Activists recall job losses from NAFTA, say 'sham' unions in Mexico sabotage wages on both sides of the border
EL PASO, Texas (Border Report) — Despite some optimism from the White House and the business community, labor union leaders refuse to back the U.S.-Mexico-Canada Agreement.
The USMCA would replace the existing North American Free Trade Agreement, which predates e-commerce and has been criticized for shortcomings in environmental and labor protections.
“The new NAFTA is not a policy we support at this time,” said Liz Shuler, secretary-treasurer of the AFL-CIO, during a visit to El Paso last week. “The lack of enforcement, the lack of resources committed by the country of Mexico are not adequate. … As we stand now, NAFTA 2.0 does not have the assurances we need for fair trade policies that work for the working people.”
Earlier, AFL-CIO President Richard Trumka had been more blunt, saying Mexico maintains cheap wages by using “sham” labor unions that sign off on whatever deal a corporation brings to the table.
“If Mexico cannot enforce its own laws, then this agreement will never work because their wages will be artificially low. They will suck jobs and capital out of the United States,” Trumka told Bloomberg last month. His comments came after President Trump boasted that the USMCA “has become very popular, unions are liking it, farmers are loving it and manufacturers are really liking it.”
The new trade deal will create 167,000 new jobs and incorporates core labor protections, according to the White House. Border labor activists said that’s a song they’ve heard before and don’t believe.
“When NAFTA passed we lost 35,000 jobs in the garment industry. A majority of the workers in that industry were women who were making $13 an hour, buying homes on the Eastside and sending their kids to college. Those are the jobs we lost that never came back,” said Lorena Andrade, executive director of La Mujer Obrera, an El Paso, Texas nonprofit for displaced workers.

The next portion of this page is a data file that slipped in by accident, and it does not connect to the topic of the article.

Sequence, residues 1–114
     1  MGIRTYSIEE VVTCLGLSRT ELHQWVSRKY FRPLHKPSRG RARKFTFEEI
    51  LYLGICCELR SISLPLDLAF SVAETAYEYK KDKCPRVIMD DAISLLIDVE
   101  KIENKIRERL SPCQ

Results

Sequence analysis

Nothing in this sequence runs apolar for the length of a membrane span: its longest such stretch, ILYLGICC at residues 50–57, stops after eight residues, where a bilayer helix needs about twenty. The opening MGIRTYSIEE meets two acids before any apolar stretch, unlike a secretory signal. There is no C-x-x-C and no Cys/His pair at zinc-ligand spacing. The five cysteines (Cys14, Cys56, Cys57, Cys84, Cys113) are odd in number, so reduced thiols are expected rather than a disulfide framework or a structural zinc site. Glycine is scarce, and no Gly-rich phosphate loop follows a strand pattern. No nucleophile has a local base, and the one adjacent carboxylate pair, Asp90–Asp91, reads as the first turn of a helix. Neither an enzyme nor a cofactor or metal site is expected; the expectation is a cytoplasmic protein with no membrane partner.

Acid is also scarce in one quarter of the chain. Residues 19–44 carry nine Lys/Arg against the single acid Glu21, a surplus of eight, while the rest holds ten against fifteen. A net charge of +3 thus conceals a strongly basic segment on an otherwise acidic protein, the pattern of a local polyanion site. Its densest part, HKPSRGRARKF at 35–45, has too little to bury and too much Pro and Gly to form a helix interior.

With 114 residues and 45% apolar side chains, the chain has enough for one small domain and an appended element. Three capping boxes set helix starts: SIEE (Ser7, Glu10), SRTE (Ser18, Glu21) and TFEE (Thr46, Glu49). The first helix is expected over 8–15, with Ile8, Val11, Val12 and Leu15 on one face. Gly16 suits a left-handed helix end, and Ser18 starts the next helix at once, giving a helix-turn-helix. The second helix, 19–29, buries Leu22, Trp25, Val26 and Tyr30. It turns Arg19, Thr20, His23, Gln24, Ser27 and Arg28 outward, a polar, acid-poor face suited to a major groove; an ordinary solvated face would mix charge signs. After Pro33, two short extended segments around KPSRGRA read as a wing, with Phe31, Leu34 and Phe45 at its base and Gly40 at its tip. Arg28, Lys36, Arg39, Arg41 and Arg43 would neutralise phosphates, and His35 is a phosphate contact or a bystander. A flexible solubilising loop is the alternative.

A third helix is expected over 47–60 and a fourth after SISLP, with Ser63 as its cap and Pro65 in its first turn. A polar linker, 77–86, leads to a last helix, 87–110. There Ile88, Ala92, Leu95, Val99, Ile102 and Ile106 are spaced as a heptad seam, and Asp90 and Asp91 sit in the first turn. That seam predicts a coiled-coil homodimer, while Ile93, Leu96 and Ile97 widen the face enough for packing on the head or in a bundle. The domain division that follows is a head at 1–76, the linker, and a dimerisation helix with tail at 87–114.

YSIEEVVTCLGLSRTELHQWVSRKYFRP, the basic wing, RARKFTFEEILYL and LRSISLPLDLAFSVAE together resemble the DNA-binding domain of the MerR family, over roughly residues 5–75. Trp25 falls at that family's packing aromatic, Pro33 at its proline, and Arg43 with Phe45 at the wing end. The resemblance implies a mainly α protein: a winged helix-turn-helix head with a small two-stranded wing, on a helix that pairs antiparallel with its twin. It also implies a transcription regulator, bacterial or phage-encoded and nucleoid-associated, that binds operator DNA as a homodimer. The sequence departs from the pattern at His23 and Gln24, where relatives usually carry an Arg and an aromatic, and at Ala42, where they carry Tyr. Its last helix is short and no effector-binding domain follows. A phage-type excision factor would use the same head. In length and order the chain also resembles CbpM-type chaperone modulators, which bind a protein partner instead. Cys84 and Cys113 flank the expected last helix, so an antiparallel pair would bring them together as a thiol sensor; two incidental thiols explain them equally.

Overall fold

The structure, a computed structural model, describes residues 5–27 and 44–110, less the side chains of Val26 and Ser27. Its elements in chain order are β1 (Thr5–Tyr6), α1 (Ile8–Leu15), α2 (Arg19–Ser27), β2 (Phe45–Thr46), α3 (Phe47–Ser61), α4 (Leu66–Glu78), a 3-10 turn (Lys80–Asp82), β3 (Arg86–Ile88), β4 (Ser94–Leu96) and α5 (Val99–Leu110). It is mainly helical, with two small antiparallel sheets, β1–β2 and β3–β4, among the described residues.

Andrade, who keeps in touch with independent union organizers and environmentalists in Mexico, said the new trade agreement will further erode wage potential on both sides of the border and foster a more rapid consumption of natural resources in Mexico.
“Their idea of progress is not good for our communities,” she said. The factories “can just pick up and leave when they want. Women workers are disposable on both sides of the border; our communities are disposable.”
Ildefonso Magana, a representative of the International Union of Painters and Allied Trades in Laveen, Arizona, said the Trump administration is eager to sign a trade agreement with Mexico but turns its back on any talk regarding immigration reform.
“There is a moral double-standard that allows the free flow of trade, merchandise and wealth but prohibits the free transit of those who produce the wealth, of the workers,” he said at a labor union meeting in El Paso last week.